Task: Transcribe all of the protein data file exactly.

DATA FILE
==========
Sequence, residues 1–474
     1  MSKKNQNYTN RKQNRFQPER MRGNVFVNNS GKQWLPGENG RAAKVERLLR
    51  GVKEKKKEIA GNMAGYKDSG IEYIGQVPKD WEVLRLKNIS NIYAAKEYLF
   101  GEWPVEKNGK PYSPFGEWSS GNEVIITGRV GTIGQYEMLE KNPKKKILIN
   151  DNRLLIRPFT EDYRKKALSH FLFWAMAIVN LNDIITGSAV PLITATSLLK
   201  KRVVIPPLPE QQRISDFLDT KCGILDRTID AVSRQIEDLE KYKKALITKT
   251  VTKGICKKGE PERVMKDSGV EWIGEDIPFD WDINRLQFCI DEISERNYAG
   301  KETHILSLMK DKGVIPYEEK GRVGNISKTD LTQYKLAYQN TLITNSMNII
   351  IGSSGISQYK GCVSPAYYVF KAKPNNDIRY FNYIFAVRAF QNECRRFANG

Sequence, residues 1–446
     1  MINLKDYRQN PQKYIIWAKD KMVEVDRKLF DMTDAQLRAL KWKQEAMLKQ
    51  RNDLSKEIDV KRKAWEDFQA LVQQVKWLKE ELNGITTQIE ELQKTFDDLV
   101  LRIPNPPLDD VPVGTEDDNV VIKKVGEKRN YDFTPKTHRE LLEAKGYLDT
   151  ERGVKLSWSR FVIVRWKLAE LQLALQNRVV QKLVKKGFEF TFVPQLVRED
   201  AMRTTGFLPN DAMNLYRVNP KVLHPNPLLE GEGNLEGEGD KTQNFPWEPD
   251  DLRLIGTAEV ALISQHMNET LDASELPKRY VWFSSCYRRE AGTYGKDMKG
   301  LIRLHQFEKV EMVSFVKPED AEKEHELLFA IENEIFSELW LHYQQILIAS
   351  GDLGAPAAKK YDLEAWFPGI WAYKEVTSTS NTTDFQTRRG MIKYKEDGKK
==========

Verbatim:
Sequence, residues 1–474
     1  MSKKNQNYTN RKQNRFQPER MRGNVFVNNS GKQWLPGENG RAAKVERLLR
    51  GVKEKKKEIA GNMAGYKDSG IEYIGQVPKD WEVLRLKNIS NIYAAKEYLF
   101  GEWPVEKNGK PYSPFGEWSS GNEVIITGRV GTIGQYEMLE KNPKKKILIN
   151  DNRLLIRPFT EDYRKKALSH FLFWAMAIVN LNDIITGSAV PLITATSLLK
   201  KRVVIPPLPE QQRISDFLDT KCGILDRTID AVSRQIEDLE KYKKALITKT
   251  VTKGICKKGE PERVMKDSGV EWIGEDIPFD WDINRLQFCI DEISERNYAG
   301  KETHILSLMK DKGVIPYEEK GRVGNISKTD LTQYKLAYQN TLITNSMNII
   351  IGSSGISQYK GCVSPAYYVF KAKPNNDIRY FNYIFAVRAF QNECRRFANG

Sequence, residues 1–446
     1  MINLKDYRQN PQKYIIWAKD KMVEVDRKLF DMTDAQLRAL KWKQEAMLKQ
    51  RNDLSKEIDV KRKAWEDFQA LVQQVKWLKE ELNGITTQIE ELQKTFDDLV
   101  LRIPNPPLDD VPVGTEDDNV VIKKVGEKRN YDFTPKTHRE LLEAKGYLDT
   151  ERGVKLSWSR FVIVRWKLAE LQLALQNRVV QKLVKKGFEF TFVPQLVRED
   201  AMRTTGFLPN DAMNLYRVNP KVLHPNPLLE GEGNLEGEGD KTQNFPWEPD
   251  DLRLIGTAEV ALISQHMNET LDASELPKRY VWFSSCYRRE AGTYGKDMKG
   301  LIRLHQFEKV EMVSFVKPED AEKEHELLFA IENEIFSELW LHYQQILIAS
   351  GDLGAPAAKK YDLEAWFPGI WAYKEVTSTS NTTDFQTRRG MIKYKEDGKK